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Environment

Proposal Would Explore Future Energy Needs

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Wikimedia Commons

A proposed task force would look at solar, renewable and sustainable energy, smart grid technology, energy storage, electric vehicles, and storm hardening for the electric system.

St. Petersburg Republican Sen. Jeff Brandes wants utility regulators to outline the state’s energy needs for the next 20 years.

Brandes on Friday filed a proposal (SB 136) that would establish the Energy 2040 Task Force within the Public Service Commission to recommend electric policies and statutory changes.

“Gov. (Jeb) Bush did this exact same thing. He came up with a 2020 energy plan for Florida,” Brandes said. “We’re in 2020. We should be looking farther out. We expect the population to grow from 21 million people to 25 million people by 2030, 2035, somewhere in that timeframe.”

Brandes, who wants lawmakers to take up the proposal during the 2021 legislative session, pointed out that “emerging technologies” are advancing. “We see the rapid growth of electric vehicles over the next two decades, to where 40 percent of all cars sold by 2040 can be electric, or greater. So, we think it's time for the state to take the long-term view again and at least have a plan,” he said.

Under Brandes’ proposal, the task force would look into solar and other renewable energy, sustainable energy, smart grid technology, energy storage, electric vehicles, and storm hardening for the electric system, along with impacts on the environment, the electric supply, and state and local government revenue.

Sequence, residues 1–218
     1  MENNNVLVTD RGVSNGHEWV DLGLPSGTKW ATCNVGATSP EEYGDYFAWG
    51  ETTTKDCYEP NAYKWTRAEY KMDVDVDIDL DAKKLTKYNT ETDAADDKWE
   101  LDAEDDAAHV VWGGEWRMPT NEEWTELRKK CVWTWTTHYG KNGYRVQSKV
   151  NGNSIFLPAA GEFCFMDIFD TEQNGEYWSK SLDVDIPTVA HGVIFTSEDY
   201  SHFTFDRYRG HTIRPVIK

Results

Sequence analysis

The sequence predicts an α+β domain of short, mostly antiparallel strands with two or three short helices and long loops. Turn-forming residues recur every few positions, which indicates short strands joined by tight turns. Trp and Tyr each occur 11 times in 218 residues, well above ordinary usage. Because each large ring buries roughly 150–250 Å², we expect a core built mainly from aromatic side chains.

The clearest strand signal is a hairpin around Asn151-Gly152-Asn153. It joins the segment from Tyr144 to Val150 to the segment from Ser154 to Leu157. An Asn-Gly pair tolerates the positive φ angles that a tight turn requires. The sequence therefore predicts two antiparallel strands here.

The task force would be chaired by the state public counsel, who represents consumers on utility issues. The panel would also include the executive director of the Public Service Commission, the chair of the Florida Energy Systems Consortium, the chief executive officer of the Florida Reliability Coordinating Council, two members of the state House, and two members of the state Senate.

“Whether it ultimately all comes together or not, who knows? But at least we've thought about it. We've got a thoughtful process in understanding what are the demands going to be on the system over the next two decades and how should we be thinking about that today,” Brandes said. “The last thing I want to be is in 2035 and rushing to get more energy or a more diverse group of energy online to meet the growing demand.”

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